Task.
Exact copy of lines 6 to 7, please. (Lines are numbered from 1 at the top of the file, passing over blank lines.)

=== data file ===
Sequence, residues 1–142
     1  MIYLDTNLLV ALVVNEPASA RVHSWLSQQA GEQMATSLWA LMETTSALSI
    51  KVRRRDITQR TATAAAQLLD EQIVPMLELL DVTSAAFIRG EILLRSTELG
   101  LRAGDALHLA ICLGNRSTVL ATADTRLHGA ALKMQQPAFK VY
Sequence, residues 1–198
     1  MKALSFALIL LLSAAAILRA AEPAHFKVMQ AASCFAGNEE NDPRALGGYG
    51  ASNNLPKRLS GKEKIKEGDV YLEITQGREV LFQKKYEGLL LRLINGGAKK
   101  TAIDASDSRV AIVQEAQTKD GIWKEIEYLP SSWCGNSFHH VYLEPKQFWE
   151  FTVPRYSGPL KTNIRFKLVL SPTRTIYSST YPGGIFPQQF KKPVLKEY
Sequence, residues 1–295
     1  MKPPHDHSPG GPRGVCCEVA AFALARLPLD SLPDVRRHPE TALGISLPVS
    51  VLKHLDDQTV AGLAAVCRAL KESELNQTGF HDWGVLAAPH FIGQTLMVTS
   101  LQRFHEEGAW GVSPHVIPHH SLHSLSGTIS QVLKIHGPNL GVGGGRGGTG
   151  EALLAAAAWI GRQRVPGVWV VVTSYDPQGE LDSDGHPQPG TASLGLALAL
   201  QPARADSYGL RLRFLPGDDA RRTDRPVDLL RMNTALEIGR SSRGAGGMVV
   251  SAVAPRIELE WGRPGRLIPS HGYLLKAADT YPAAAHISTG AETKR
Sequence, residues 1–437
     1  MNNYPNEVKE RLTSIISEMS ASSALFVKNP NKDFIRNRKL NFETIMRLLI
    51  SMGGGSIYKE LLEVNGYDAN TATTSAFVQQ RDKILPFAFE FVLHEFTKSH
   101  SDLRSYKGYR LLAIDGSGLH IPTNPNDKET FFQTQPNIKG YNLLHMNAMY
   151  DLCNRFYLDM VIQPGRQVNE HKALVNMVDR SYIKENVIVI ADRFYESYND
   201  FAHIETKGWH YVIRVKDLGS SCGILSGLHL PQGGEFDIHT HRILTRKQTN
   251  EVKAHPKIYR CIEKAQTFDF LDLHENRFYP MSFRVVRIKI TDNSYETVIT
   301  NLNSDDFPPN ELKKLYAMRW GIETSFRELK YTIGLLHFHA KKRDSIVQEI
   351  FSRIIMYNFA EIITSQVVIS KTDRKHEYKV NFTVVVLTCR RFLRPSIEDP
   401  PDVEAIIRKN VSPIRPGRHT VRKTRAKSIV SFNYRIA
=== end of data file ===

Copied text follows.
     1  MKALSFALIL LLSAAAILRA AEPAHFKVMQ AASCFAGNEE NDPRALGGYG
    51  ASNNLPKRLS GKEKIKEGDV YLEITQGREV LFQKKYEGLL LRLINGGAKK